As Eugenia is a food preservation expert, I wasn’t surprised to reap a treasure trove of know-how on capturing the season’s bounty for the cold days of winter.  I was delightfully surprised, however, to learn how strategic food preservation can also be harnessed as a tool to beat boredom at the dinner table.

Long-time newsletter readers know that beating mealtime boredom is a common theme of mine–and for good reason:  Boredom is the #1 mealtime barrier for countless people.  Time after time, a well-intentioned home chef gets lured into dialing for takeout, just because she’s tired of making the same old thing!

That’s why I’m always on the hunt for boredom beating strategies, and Eugenia shared a good one.  Not surprisingly, it revolves food preservation, but not in the usual sense, i.e., Aunt Sue putting up 48 quarts of tomatoes to last until the next tomato harvest.  Eugenia’s definition of food preservation is far more liberal, encompassing a wide range of food combinations, preserved in many ways, for anywhere from a week to a year.

She might make a fresh mayonnaise and store for just a week, oil-preserved zucchini that can last two or three weeks, mushroom stock that can be frozen for months or a tomato chickpea side dish that is good for a year.  The key to her boredom beating strategy lies in using up whatever bits and pieces she finds around the kitchen, whipping up creative concoctions, then preserving them in small batches.  Then she’s perfectly situated for boredom-defying meals.

When dinnertime rolls around, she simply heads to her refrigerator, freezer and cupboard pantries and starts mixing and matching.  Here’s one of the many creative (but easy) meals she described:  Chicken breasts with a frozen wine reduction, complimented by the canned tomato-chickpea dish and maybe a simple green salad with fresh mayonnaise dressing.

Here’s the key takeaway:  Trash can be treasure. In other words, what un-bored home cooks know that bored cooks don’t, is that some of the best flavor in the kitchen comes from leftover bits and pieces that most people would pitch.  Use those bits and pieces immediately or go one step further by transforming them into creative preserved foods that add easy pizazz to later meals.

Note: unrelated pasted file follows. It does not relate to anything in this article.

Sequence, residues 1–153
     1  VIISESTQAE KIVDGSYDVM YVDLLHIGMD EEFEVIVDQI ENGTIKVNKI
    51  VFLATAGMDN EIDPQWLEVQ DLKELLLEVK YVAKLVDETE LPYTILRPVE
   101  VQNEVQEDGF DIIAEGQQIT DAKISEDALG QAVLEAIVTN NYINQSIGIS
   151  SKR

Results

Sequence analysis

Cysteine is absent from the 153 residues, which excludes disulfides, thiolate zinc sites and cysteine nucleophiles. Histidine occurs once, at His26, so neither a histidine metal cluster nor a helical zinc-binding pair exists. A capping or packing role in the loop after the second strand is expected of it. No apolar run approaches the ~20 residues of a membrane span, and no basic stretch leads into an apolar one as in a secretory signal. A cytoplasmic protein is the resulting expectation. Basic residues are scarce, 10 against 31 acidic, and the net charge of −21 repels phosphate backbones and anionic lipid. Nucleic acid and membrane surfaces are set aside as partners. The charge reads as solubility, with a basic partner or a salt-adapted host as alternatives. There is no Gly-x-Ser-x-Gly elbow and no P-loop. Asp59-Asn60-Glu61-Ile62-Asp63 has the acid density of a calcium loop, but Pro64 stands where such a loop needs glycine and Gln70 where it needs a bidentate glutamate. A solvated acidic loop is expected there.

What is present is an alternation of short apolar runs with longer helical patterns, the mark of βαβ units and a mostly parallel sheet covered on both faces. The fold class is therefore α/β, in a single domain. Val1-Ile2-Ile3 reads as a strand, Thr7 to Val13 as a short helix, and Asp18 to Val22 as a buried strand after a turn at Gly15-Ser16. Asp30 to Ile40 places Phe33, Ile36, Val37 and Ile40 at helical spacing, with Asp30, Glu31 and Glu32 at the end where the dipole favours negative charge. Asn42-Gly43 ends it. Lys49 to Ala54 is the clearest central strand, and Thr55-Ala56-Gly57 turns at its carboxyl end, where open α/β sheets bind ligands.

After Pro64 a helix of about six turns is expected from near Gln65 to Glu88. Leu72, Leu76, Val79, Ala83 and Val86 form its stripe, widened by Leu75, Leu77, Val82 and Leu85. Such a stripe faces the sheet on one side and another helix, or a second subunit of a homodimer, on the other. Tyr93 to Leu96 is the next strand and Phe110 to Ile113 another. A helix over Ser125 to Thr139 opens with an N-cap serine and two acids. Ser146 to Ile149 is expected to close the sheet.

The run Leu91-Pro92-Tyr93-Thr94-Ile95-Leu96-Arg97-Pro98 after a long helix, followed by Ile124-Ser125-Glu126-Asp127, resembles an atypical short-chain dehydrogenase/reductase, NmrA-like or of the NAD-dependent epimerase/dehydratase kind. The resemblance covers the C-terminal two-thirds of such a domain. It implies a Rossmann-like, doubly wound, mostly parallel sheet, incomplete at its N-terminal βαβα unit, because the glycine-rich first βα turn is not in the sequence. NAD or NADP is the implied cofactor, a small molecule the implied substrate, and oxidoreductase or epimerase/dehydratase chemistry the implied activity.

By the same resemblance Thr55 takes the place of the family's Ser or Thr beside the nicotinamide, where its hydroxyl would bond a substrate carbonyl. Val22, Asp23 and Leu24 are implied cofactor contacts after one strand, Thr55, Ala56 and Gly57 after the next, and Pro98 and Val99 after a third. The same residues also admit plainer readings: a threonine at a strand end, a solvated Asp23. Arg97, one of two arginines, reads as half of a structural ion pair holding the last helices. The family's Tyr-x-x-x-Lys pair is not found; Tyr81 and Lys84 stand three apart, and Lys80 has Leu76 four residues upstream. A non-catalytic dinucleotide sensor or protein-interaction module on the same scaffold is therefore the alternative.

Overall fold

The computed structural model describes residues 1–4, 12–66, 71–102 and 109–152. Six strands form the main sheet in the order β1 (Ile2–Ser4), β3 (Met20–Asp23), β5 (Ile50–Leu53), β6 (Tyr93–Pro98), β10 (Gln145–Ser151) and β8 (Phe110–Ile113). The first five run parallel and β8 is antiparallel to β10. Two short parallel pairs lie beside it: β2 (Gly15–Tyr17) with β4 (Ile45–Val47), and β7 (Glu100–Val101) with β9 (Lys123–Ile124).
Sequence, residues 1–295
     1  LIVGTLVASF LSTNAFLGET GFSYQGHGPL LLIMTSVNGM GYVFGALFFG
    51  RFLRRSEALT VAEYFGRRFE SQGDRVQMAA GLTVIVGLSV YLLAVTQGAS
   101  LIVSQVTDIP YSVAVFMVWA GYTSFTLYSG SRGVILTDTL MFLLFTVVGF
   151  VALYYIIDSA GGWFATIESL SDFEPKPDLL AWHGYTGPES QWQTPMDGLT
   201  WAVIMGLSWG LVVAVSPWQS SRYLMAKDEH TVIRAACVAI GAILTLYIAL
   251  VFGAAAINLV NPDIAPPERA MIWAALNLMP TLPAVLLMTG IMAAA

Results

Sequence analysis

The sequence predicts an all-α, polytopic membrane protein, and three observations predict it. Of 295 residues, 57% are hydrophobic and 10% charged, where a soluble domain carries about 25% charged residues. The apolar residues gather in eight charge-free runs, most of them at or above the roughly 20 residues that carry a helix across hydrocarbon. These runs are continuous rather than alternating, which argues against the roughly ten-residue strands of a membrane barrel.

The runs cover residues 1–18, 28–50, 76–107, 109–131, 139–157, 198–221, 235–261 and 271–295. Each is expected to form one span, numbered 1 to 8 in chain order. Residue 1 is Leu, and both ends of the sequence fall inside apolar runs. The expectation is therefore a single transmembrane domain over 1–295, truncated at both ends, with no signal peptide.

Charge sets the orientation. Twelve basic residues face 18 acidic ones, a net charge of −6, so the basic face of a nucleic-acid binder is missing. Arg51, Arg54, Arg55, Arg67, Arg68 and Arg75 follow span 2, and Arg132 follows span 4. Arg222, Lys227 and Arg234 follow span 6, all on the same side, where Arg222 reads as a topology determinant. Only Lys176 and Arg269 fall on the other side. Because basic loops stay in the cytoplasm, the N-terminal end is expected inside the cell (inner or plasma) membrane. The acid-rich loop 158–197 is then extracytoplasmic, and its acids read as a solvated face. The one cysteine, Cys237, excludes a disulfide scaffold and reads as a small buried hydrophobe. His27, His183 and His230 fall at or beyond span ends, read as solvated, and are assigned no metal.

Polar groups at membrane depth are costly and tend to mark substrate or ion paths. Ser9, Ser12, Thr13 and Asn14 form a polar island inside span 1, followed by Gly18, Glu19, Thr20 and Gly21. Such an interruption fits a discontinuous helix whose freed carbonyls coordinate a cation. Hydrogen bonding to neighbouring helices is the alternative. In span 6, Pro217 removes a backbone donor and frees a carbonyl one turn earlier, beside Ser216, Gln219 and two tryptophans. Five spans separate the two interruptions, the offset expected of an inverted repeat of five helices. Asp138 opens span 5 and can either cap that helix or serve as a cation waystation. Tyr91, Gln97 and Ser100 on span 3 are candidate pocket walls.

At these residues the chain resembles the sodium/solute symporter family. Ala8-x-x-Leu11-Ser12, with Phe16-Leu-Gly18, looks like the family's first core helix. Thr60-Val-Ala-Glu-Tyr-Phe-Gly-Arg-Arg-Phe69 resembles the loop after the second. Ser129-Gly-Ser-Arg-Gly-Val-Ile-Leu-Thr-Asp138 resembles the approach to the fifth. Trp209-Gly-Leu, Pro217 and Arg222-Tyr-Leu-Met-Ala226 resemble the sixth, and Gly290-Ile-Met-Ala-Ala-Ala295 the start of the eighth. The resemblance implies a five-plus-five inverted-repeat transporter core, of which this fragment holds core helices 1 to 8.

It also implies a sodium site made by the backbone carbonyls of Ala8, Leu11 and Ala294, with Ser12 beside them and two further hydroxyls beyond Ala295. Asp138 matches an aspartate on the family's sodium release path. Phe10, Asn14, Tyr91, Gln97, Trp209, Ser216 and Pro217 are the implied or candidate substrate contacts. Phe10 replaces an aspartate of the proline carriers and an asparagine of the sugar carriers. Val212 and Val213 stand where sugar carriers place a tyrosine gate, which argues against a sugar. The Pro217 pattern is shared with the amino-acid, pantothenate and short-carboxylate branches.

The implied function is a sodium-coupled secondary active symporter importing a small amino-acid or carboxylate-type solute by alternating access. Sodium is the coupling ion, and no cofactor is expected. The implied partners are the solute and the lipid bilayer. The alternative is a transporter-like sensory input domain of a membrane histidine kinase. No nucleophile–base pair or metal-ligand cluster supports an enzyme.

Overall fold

• Happily, Eugenia brought up the wonders of leftover duck fat, so now I can safely mention how I use leftover bacon grease or lamb drippings (just a tablespoon!) to saute onions and other vegetables , imparting all sorts of delightful flavor for very little in the way of calories.
  • Two days ago, faced with a few strawberries and apricots on the verge of rotting, I took Eugenia’s advice and blended up a Fresh Fruit and Herb Salad Dressing (recipe in next post) that was so good, my mixed greens needed only a little canned chicken for a superb lunch.
  • The leftover broth from that canned chicken got cooked with a batch of sauteed tofu.   You wouldn’t have believed it was tofu!
  • A bit of leftover brine from feta cheese went into the garlicky zucchini and pulled the whole dish together–for no calories
  • This morning, more apricot puree got mixed with ginger, soy sauce and rice vinegar to top a fast stir-fry with greens from the garden.  (See my Vegetable Queen Twitter column for more fast ideas like these.)

But wait, there are more benefits of bits and pieces cooking!  Besides delivering really interesting meals, it saves money by  preventing waste and providing free flavor.  Saving tasty tidbits from landfills and garbage disposals also helps save the planet.  Finally, to the extent you preserve the local harvest, you can eat locally year round–as I’m going to do by saucing and canning the last few of my local apricots to make Apricot-Curry Dressing in the middle of winter.